At least four rockets struck an Iraqi airbase, the Iraqi military says in a statement, while other officials say one person was wounded at the base where an American defence company services combat aircraft.
Several rockets have hit the Iraqi military air base of Balad north of Baghdad, injuring one Iraqi contractor, according to Iraqi security officials.
No group immediately claimed the attack on Saturday.
It was the second salvo of rockets to hit a base hosting US forces or contractors in less than a week.
The Iraqi military said four rockets hit the base. Iraqi security officials initially said three rockets had hit and told Reuters the contractor had suffered non-lethal injuries.
The officials spoke on condition of anonymity because they are not authorised to speak to the media.
The attack came hours after Iraqi security forces raided a Daesh hideout in the plains of Tarmiyah, with clashes leaving five militants and two pro-government fighters dead, according to the Iraqi military.
F-16s at the Balad airbase were backing the ongoing Tarmiyah operation against Daesh sleeper cells at the time of the rocket attack, two security sources told AFP.
Balad is around 60 kilometres (40 miles) north of Tarmiyah.
A local army source told AFP that Katyusha-style rockets were fired at Balad.
One of the rockets hit a part of the base hosting employees of Sallyport, the US contractor charged with maintaining the F-16 aircraft purchased from the US in recent years, the security sources said.
"An Iraqi contractor sustained moderate injuries," one of the sources said.
Another rocket hit a runway, without disrupting the take-off and landing of aircraft, while a third hit nearby woodlands, the source said.
Iraqi army units at Balad responded to the rockets by firing artillery at a position 12 kilometres east of the airbase where they believed the attack originated, the source added.
It is rare for Iraqi security forces to respond so quickly to such an incident.
Dozens of rocket attacks and roadside bombs targeted Western military and diplomatic installations last year.
US and Iraqi officials have blamed the attacks on armed factions with close ties to Iran — not Daesh.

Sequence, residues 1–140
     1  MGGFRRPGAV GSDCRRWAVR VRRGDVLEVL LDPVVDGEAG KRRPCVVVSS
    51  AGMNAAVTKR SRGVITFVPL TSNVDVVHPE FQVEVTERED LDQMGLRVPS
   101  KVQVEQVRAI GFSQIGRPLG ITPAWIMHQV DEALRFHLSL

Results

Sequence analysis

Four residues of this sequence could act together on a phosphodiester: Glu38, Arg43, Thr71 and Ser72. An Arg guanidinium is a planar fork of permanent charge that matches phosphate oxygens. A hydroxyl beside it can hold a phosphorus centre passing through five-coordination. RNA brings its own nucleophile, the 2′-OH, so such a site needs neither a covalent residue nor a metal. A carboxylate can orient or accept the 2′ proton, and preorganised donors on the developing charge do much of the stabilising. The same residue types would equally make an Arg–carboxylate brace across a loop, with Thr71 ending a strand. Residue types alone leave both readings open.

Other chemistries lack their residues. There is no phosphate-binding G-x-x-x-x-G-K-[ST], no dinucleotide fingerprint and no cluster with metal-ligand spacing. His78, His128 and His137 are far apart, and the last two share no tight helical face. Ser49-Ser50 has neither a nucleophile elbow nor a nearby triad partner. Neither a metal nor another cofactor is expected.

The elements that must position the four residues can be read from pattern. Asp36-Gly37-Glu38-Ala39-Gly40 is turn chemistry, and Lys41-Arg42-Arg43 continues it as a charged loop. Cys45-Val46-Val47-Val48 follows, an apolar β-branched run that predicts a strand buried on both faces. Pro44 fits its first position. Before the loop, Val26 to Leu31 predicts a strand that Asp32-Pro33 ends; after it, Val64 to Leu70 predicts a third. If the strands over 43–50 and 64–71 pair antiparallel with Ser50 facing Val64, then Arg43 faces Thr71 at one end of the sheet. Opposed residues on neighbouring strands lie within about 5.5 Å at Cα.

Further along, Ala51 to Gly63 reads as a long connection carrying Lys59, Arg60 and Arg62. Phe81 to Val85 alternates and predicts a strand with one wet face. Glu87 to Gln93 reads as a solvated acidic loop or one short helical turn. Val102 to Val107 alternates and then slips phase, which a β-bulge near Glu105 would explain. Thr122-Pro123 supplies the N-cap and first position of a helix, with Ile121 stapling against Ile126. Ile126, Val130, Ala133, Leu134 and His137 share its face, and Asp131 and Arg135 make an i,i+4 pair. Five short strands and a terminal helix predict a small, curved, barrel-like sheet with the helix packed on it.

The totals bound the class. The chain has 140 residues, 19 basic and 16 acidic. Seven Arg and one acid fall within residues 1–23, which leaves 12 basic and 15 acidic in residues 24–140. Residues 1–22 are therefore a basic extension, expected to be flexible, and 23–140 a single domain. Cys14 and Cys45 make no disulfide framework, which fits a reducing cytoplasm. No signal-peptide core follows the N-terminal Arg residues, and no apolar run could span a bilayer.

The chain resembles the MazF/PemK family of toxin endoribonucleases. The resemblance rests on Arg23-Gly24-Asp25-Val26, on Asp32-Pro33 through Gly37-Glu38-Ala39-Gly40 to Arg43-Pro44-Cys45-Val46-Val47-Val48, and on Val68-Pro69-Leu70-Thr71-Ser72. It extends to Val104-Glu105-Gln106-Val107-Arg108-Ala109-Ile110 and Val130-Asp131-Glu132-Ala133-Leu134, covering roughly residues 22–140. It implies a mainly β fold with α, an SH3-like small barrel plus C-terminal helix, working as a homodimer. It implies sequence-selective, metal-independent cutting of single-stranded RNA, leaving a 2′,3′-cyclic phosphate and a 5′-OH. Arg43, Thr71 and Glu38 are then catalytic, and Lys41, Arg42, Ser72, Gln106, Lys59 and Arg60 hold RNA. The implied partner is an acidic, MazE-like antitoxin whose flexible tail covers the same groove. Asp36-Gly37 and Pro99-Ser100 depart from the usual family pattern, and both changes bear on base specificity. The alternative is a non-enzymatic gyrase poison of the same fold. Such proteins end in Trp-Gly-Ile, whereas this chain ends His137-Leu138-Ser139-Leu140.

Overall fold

Iraqi authorities have struggled to hold the perpetrators of rocket attacks to account, as some of the groups accused are integrated into the state security forces and wield significant influence.
The rocket attacks continued even as the US-led coalition drew down its forces and consolidated bases.
Balad, one of the bases from which the coalition withdrew, once held a small US Air Force contingent but now hosts Iraqi armed forces and the Sallyport contractors.
Anti-Daesh operations ramp up
The coalition still provides surveillance support and air strikes to help Iraqi forces chase down Daesh sleeper cells in desert or mountainous areas.
Its Erbil base was targeted on Monday night in a volley of rockets that killed one foreign contractor and wounded several others, as well as a US soldier.
Saturday's violence comes nearly one month to the day after twin suicide bombers killed more than 30 people in the packed Tayaran Square, the bloodiest such attack in Baghdad in three years.
Security sources said the two militants had infiltrated the city from the north.
A few days later, nearly a dozen fighters from Iraq's Hashed al Shaabi, a powerful network of state-sponsored groups, were killed in an Daesh ambush — also north of the capital.
Since then, security forces have ramped up their efforts to hunt Daesh sleeper cells there, with Prime Minister Mustafa al Kadhemi announcing the killing of Abu Yasser al Issawi, identified as the top Daesh figure in Iraq, on January 28.
In early February, security forces killed another Daesh leader who they believed helped transport the twin bombers into Baghdad.
Iraq declared Daesh territorially defeated in late 2017 after a three-year fight aided by US-led coalition air strikes and military advisors.
US forces in Iraq
Armed groups that some Iraqi officials say are backed by Iran have claimed similar incidents in the past, including an attack last week on the Erbil International Airport compound.
Iran-aligned paramilitary groups demand that all foreign troops, including US forces who number around 2,500 in Iraq, leave the country, calling their presence an occupation.
A US-led coalition whose mission is to fight Daesh militants is still stationed in Iraq, as well as a NATO-led mission that trains Iraqi security forces.
The US-led coalition has roughly halved its forces over the last year, leaving around 3,500 troops.
They are now based in Baghdad near the US embassy, as well as Ain al Assad in the country's west and Erbil.